Chico's FAS

  www.chicos.com
  www.chicos.com
There are newer employer reviews for Chico's FAS

 

great company

  • Comp & Benefits
  • Work/Life Balance
  • Senior Management
  • Culture & Values
  • Career Opportunities
Current Employee - Finance in Fort Myers, FL
Current Employee - Finance in Fort Myers, FL

I have been working at Chico's FAS full-time (more than 5 years)

Pros

The company takes care of its employees, great benefits and flexibility

Cons

not all departments have opportunities for career growth

Advice to ManagementAdvice

promote from within, many resources are under valued, under empowered

Recommends
Positive Outlook
Approves of CEO

521 Other Employee Reviews for Chico's FAS (View Most Recent)

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  1. 6 people found this helpful  

    Became like all the rest

    • Comp & Benefits
    • Work/Life Balance
    • Senior Management
    • Culture & Values
    • Career Opportunities
    Current Employee - Anonymous Employee
    Current Employee - Anonymous Employee

    I have been working at Chico's FAS

    Pros

    Company leadership (Dave Dyer) really promotes building and cultivating a "Great Place to Work"

    Cons

    Someone needs to look at those in high levels (Brand Manager, Regional Managers, and some District Managers) I really think Dave would be appalled at their management styles. Examples include ruling by fear, unrealistic expectations, and (some)even age and weight discrimination.

    Advice to ManagementAdvice

    Stop expecting to be shown a dog and pony show for visits. If you really want to continue to grow and thrive come in and make visits about reality, celebrate the good, and use your knowledge to create real solutions for opportunities.

    Approves of CEO
  2. 5 people found this helpful  

    Try to get a feel for the store's environment before applying.

    • Comp & Benefits
    • Work/Life Balance
    • Senior Management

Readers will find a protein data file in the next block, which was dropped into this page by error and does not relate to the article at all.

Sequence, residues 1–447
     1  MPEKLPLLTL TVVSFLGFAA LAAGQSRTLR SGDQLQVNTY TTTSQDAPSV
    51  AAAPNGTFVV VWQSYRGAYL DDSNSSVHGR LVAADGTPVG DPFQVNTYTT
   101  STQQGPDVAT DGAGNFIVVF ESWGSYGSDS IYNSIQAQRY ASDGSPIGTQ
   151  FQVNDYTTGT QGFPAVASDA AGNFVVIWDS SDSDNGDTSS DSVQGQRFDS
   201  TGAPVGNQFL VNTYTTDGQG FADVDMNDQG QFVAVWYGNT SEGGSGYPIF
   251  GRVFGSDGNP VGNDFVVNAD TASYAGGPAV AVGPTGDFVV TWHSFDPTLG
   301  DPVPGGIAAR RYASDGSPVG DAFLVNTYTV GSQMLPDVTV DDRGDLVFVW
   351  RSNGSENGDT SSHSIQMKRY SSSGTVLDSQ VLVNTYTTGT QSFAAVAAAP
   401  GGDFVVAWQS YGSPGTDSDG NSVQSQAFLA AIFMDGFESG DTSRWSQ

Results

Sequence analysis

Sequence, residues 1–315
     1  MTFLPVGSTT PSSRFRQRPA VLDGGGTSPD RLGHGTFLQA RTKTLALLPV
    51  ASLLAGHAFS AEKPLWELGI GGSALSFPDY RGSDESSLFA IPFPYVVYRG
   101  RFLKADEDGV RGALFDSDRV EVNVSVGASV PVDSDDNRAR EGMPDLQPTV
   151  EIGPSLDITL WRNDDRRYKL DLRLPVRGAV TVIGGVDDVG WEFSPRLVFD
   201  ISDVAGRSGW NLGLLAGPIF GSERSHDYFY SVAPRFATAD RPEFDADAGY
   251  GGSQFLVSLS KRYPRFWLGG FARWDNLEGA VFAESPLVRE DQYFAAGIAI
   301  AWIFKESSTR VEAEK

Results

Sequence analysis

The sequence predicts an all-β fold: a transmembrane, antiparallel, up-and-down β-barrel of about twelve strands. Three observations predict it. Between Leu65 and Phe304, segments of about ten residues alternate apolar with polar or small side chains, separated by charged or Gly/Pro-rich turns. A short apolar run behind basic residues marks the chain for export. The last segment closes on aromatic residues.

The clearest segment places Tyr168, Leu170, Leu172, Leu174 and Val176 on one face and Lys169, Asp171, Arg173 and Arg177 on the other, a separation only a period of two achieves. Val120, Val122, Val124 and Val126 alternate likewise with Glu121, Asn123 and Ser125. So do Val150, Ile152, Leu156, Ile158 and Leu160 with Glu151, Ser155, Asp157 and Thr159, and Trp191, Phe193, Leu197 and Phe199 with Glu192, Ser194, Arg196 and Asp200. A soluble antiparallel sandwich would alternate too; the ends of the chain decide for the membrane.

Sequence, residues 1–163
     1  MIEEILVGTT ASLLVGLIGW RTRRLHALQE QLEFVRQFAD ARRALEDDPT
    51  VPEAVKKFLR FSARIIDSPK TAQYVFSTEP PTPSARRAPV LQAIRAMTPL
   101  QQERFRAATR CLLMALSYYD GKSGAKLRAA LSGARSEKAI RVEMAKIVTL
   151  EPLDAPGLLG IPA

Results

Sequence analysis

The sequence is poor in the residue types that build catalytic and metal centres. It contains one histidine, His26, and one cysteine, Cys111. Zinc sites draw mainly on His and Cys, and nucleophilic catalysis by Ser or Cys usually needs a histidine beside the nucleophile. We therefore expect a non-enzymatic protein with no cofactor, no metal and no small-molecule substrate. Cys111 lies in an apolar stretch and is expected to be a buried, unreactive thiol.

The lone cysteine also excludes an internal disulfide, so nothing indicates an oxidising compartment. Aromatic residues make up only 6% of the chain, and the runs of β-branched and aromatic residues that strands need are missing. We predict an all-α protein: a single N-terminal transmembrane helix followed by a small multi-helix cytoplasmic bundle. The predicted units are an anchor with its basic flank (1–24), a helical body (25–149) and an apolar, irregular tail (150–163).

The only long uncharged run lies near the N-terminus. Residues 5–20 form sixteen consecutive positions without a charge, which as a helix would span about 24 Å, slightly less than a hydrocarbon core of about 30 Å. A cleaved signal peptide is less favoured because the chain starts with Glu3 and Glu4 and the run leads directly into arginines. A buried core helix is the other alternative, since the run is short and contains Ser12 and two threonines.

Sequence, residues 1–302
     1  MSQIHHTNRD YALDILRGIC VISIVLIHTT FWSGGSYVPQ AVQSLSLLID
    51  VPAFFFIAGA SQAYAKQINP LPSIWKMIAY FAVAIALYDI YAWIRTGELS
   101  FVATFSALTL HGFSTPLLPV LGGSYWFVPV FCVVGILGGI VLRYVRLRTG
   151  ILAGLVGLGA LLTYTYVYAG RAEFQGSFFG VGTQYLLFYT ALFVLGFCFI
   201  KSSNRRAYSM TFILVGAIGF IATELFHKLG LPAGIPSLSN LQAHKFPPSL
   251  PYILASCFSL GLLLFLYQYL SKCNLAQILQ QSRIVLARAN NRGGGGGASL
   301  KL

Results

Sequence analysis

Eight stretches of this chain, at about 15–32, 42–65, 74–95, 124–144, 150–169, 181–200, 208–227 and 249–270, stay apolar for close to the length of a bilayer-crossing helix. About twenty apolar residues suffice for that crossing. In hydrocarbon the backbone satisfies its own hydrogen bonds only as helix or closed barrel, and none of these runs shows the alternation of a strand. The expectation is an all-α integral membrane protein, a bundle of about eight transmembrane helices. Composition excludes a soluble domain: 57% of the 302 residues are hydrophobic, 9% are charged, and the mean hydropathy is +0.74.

• Culture & Values
    • Career Opportunities
    Former Employee - Sales Associate in Salem, OR
    Former Employee - Sales Associate in Salem, OR

    I worked at Chico's FAS part-time (less than an year)

    Pros

    -Beautiful, (usually) comfortable clothes!

    -Being a "style expert" is fun!

    -You get to dress up for work everyday! I always felt like a model.

    -You don't have to wear the store's clothing (unless it's jeans) as long as you meet the dress code.

    -If you work with the right people (customers and coworkers), it can be like hanging out with friends every day.

    -If you're really good at sales, you will get decent bonuses. If you've sold products from your home like Mary Kay, Avon, etc., you will be familiar with how to build and maintain relationships with your customers.

    -Despite high goals, circumstances (such as low foot traffic) are considered during performance reviews.

    -The company's efforts for charity donations are commendable.

    Cons

    -This comment applies to my specific former store only. Every Chico's store is different.
         A store is only as good as its manager. Especially in a close-quarters, high-stress, sales-oriented environment. You are essentially working in a fishbowl. You can't just keep your head down and work independently. The manager must be strong enough to promote the company values, provide positive motivation to meet goals, manage the schedule properly, and handle conflict resolutions between employees. Some managers do this very well, and these stores are great to work in. Others do not. I had never worked in an environment where I felt I could not go to my manager with my concerns until I worked at this store.